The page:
Amusement Parks On FireEdit this event
Not since the Happy Mondays decided to twist their melons, man, have a group of bearskin-bashing, string-thrashing blokes given the kids in da "indie" club something to dance about.
Whilst the plaudits for 'She's Hearing Voices' still reel themselves in at an uncontrollable rate, it has to be said that London's Bloc Party seem to be able to live up to this air of expectation with an uncontrollable zest that sets them apart from their current contemporaries. I mean, for all their apparent savoir faire, can you really see the likes of Art Brut regaling such an insistent bunch of people on their first foray outside the homely confines of their capital city? No, me neither.
But before cementing my flagstone in honour of Bloc Party, it would be downright rude not to mention tonight's opening act Amusement Parks On Fire.
In these parts, APOF have already attained a somewhat legendary status, and it's not hard to see why as their short (but unabatedly sweet) set evokes the pre-'Loveless' haze of My Bloody Valentine in their prime whilst conjuring images of such genre-switching decadents as Tricky and Robert Hampson of Loop and Main fame.
Having just completed a recording session with Portishead's Geoff Barrow, the future looks impeccably bright for Amusement Parks On Fire. If their studio output equals the intensity and precision of their live performance, expect to see Alton Towers doused in an avalanche of petroleum with just a few smouldered Bryant and May endorsed splinters for company.
One could be forgiven for thinking that Bloc Party's opening salvo 'The Marshals Are Dead', with its opening wake up call to the unbelievers, opportunists, and fashion victims, could have been written about a large percentage of tonight's largely staid audience, most of whom represent a clique of people in bands, their mates and... their mates' mates. At times the Social looks like a cloning factory, with Kings Of Leon-coiffeured boys rubbing shoulders with de-mulleted girls, all staring at the band in an "Impress Me!" kind of manner whilst adopting a stance which says "you dance first and I'll follow suit" to the next person almost apologetically.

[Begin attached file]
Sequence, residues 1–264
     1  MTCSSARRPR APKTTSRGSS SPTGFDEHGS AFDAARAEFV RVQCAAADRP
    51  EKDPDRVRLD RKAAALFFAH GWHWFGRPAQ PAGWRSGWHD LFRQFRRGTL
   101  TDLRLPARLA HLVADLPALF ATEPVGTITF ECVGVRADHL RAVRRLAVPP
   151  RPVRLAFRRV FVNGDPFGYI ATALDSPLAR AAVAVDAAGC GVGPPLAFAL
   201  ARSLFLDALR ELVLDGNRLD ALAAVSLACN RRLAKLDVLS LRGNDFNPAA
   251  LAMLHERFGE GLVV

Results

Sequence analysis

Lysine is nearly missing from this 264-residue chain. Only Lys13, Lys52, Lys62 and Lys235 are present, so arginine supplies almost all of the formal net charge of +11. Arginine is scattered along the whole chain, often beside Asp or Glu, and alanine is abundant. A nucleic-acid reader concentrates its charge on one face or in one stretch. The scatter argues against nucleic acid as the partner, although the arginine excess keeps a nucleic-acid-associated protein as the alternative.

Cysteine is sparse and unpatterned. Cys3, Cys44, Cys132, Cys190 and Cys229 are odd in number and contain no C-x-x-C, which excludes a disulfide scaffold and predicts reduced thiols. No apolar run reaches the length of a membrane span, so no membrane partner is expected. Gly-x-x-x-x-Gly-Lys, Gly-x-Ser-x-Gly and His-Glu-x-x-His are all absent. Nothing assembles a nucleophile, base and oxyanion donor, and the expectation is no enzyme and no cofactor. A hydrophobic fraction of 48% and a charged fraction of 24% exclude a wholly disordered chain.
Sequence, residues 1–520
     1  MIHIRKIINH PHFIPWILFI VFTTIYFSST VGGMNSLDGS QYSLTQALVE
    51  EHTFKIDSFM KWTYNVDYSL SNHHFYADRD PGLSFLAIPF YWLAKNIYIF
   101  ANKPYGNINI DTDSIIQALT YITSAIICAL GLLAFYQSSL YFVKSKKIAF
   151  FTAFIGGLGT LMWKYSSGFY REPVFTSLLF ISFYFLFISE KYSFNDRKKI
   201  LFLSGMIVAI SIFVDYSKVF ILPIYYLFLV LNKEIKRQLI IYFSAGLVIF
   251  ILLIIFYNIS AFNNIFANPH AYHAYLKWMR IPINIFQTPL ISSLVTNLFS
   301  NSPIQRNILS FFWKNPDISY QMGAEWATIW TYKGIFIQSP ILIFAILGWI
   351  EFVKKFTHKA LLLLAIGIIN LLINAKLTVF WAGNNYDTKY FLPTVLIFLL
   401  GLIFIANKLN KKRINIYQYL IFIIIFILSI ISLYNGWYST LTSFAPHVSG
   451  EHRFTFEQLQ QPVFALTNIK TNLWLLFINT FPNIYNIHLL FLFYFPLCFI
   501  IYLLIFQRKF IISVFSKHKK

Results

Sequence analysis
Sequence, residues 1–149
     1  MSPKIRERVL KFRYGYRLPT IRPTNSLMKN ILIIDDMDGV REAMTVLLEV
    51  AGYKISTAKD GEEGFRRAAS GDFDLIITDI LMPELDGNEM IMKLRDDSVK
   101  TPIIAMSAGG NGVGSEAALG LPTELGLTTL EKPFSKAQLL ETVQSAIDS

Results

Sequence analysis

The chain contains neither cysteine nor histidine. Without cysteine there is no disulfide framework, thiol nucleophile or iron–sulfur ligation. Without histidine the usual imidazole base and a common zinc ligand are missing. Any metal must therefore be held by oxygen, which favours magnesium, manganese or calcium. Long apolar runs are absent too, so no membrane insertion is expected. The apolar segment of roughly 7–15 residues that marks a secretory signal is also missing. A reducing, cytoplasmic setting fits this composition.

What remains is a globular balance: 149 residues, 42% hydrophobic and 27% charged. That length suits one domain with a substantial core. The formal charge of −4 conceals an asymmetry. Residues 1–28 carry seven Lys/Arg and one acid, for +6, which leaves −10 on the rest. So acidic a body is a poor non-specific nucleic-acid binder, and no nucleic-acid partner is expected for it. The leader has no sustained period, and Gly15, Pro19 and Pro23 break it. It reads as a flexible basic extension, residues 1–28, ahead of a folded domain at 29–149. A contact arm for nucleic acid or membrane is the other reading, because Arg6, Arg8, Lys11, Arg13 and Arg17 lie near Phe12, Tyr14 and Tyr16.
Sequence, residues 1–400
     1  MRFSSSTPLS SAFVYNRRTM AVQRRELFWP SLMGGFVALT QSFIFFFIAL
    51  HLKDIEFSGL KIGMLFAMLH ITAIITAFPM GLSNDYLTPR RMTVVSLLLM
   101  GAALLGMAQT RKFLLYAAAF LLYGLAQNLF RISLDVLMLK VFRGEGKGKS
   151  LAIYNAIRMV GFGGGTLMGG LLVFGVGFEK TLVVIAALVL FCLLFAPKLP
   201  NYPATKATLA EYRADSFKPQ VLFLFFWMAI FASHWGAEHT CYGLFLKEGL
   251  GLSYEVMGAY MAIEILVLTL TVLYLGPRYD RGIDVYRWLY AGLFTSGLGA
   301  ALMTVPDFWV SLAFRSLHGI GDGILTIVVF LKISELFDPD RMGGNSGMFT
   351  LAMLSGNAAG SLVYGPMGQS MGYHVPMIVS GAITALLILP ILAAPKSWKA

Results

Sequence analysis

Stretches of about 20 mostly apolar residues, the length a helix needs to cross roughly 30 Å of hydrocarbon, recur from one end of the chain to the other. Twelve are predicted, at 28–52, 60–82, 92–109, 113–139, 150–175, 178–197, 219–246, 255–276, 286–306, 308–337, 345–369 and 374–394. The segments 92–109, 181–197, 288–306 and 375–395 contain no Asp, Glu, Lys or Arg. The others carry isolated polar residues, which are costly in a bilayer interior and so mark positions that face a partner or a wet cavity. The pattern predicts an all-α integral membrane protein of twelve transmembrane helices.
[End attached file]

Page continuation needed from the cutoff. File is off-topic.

Thankfully, there are those of us who don't feel compelled to join in with the poseurs' party and so instead we dance our asses off unashamedly like starved rabbits on an island of freegrown 24/7 organic grass stems, something which seems to rub off on the almost permo-grinning face of Kele Okereke.
Sure, it may be easy to dismiss Bloc Party as being derivative or even retro as the likes of 'Banquet' and 'She's Hearing Voices' do tip their pearly-topped berets towards the laconic, post-punk stylings of the Fall and the Gang Of Four, yet at the same time the compulsion to dance is as gratifying as it was when first hearing Junior Senior's 'Move Your Feet' or Basement Jaxx's 'Red Alert'. The eerie 'Positive Tension' meanwhile starts off as a distant cousin to the Specials' 'Ghost Town' before ending up as a more palatable, intelligible sibling to the Mondays' 'Kuff Dam'.
The fact that Bloc Party only stay for half an hour probably owes as much to their lack of material as it does the nonchalent dissonance from 50% of the audience. Fortunately, the rest of us simply revelled safe in the knowledge that our status as converts to the new kings of rhythm remains distinctly unassailable.
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